Many Biomedical Technology students find their way into top-tiered colleges. What made you select Yale?

[Harkins]: I chose Yale for many reasons:

  • Graduate school is very lab and research focused. I liked the research in Dr. Greg Tietjen's lab at Yale, where the work centers on organ transplants. There is a very clear issue: we don't have enough transplantable organs for the number of people that need transplants.
  • I liked that we were encouraged to use any tools and techniques (genomics, nanoparticles, etc.) to figure out why the organ is not transplantable and how to fix the problem.
  • Yale encourages collaboration among its departments and schools. I am in the Biomedical Engineering department but work with researchers in the immunobiology department and the medical school. This experience has allowed me to work directly with transplant surgeons and access resources and equipment that the other departments have that we may not.
  • I like the culture at Yale in the Biomedical Engineering department. It is a very positive and supportive environment.

What are your career goals?

[Harkins]: After completing my Ph.D. in drug delivery or biopharmaceuticals, I plan to go into the industry.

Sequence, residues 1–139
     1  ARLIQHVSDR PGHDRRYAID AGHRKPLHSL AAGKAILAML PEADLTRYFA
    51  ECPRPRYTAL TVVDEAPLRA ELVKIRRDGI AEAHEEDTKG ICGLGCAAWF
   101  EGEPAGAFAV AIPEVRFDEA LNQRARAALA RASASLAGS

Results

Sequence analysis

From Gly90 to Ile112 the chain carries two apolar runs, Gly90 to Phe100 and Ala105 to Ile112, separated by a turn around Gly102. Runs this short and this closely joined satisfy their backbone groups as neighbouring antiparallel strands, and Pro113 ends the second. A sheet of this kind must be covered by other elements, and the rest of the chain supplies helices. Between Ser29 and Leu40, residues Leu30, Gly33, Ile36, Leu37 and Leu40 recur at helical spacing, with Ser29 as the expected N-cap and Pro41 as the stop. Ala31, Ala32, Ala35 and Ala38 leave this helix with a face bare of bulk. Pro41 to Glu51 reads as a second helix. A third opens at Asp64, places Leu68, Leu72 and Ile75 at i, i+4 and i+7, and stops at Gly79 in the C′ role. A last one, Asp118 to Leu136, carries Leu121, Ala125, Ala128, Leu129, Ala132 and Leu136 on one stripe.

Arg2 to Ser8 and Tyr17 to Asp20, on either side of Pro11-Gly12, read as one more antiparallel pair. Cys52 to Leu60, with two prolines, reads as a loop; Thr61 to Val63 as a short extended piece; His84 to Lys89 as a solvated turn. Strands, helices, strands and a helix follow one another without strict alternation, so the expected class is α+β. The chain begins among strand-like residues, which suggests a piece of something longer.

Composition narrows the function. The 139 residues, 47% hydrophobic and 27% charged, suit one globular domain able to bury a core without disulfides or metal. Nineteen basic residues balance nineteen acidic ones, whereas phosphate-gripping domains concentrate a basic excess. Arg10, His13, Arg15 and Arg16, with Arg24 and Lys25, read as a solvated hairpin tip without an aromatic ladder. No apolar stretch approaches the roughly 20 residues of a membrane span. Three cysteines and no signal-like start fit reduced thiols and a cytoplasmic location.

Tell us a little about your thesis?  

[Harkins]: My thesis work is focused on achieving cell type-specific drug delivery in the liver through nanoparticles and protein engineering. We receive human organs that have been recovered from a donor but were declined for transplant, which allows us to test our drug delivery techniques in the organ. Ideally, we want to take these drug delivery techniques and use them to treat pathophysiologies in recovered livers so these methods can be used for transplant or potentially for liver diseases.

Anything else you would like to add?

[Harkins]: I would highly recommend the Biomedical Technology class at North Montco to anyone interested in science, especially those who want a hands-on learning experience. This class benefitted me and helped shape where I ended up.